Retail traders who drove record gains in South Korean stocks during the darkest days of the pandemic have been bracing for a new threat — the return of institutional players betting on share-price declines.

The world’s longest ban on short-selling stocks came to an end Monday, with stocks fluctuating between gains and losses. Nevertheless, the end of the ban has individual investors scrambling for strategies to protect their portfolios.

Some have cashed out large chunks of their holdings over recent weeks, while others are toying with the idea of trying short selling themselves. One influential group, the Korea Stockholders Alliance, even vowed to gather day traders into a force to fight short sellers — much the same way their U.S. peers took on Wall Street over GameStop Corp. — if equities begin to tumble.

"I agree in theory that we need short-selling because it reduces bubbles and helps the market find the right price of assets,” said Hong Seung-jae, a 32-year-old office worker who gets his trading tips from YouTube and the internet during his 40-minute commute to work on the Seoul subway. "But individuals are at a huge disadvantage given the amount of information and deep pockets institutions have.”

Korea was the last key market with a prohibition on short selling and began allowing the practice again after the economy bounced back to its pre-pandemic peak last quarter.

The resumption also comes at a time when the Kospi Index is near a record high, having climbed about 10% this year, after surging by almost a third in 2020 in the best performance among major world indexes. And the resumption is accompanied with heavy penalties for wrongdoing, including jail for anyone who sells shares they haven’t actually borrowed.

But none of this is enough to quell concern among the nation’s individual traders, who have had relatively free rein since foreign funds pulled back after the ban took effect in March last year. They’ve got a lot at stake, having snapped up about 95.5 trillion won ($86 billion) of local equities in net buying in the period since then, according to Korea Exchange data.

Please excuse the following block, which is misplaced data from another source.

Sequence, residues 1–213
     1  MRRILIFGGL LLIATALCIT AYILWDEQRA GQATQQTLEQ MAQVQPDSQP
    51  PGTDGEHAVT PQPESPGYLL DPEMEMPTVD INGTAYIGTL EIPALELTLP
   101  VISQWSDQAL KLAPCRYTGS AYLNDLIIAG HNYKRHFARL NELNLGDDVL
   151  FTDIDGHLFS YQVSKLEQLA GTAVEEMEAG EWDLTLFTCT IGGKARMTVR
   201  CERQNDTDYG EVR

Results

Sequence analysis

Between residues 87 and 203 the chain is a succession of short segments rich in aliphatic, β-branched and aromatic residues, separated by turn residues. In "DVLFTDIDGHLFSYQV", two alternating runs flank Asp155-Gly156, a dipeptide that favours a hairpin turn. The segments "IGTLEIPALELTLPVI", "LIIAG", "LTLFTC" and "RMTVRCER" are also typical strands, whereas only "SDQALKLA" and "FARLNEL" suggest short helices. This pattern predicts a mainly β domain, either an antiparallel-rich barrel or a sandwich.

"If the Kospi falls back into the 2,000s level, we will mobilize a huge number of retail investors to rally against short sellers,” said Jung Eui-jung, head of the Korea Stockholders Alliance, which led an unsuccessful K-streetbets campaign to keep the ban in place permanently.

While retail traders have historically found it difficult to go head-to-head with institutional money, GameStop’s dramatic run-up in January may have changed the dynamic. Investors on WallStreetBets — the Reddit forum that inspired K-streetbets — encouraged users to dive into GameStop stock and also bid it up using a sophisticated options strategy, creating a short squeeze that was painful for hedge funds such as Melvin Capital Management.

The Kospi closed at 3,147.86 on Friday, about 5% above the level that would put the alliance on alert.

While retail traders have grown to account for more than three-quarters of daily turnover, that doesn’t mean they could inflict losses on hedge funds like those sustained in the U.S. GameStop surge, said Hwang Sei-woon, an economist at the Korea Capital Market Institute.

"There is no clear consensus on who short sellers would be and who to target,” said Hwang, who started wearing a protective vest when commuting to work after receiving death threats for advocating short selling.

It won’t just be hedge funds from abroad that employ the strategy; Korean mom-and-pop traders will be among them.

Chae Ae-kyung, a 62-year-old homemaker who began buying stocks during the pandemic, said she plans to take a mandatory hour and a half online training course so she is allowed to short sell. At its most simple, the practice involves borrowing a stock and selling it, betting that the price will have gone down by the time you need to buy it back.

"I got into the stock market out of nowhere, without much understanding of it,” said Chae, whose first purchases included Samsung Electronics Co., Kia Corp. and SK Biopharmaceuticals Co. "I’ll do the training. I’m sure it will help.”

Hana Financial Investment Co. is launching short-selling to retail investors for the first time on Monday and nearly 30 firms are expected to be offering the service by year end, compared with just six in early 2020. Most are making the move without any fanfare, to minimize the risk of a backlash.

Goldman Sachs Group Inc.’s John Kwon and Tim Moe suggest that worries over short selling may be overblown.

Allowing investors to hedge their risk through the strategy may spur net foreign inflows, according to the pair.

The last two times short selling was restored after a ban, there was initial volatility and declines, but the lost ground was regained after about a month, they wrote in a report in April.

Hong, the 32-year-old office worker, isn’t taking any chances though.

He recently scanned Korea Exchange’s website, looking for companies that have come into the sights of short sellers, and found that LG Display Co. was among them.

"I cut my LG Display holdings by about half,” he said. "I also sold shares of other companies for profit, just in case.”

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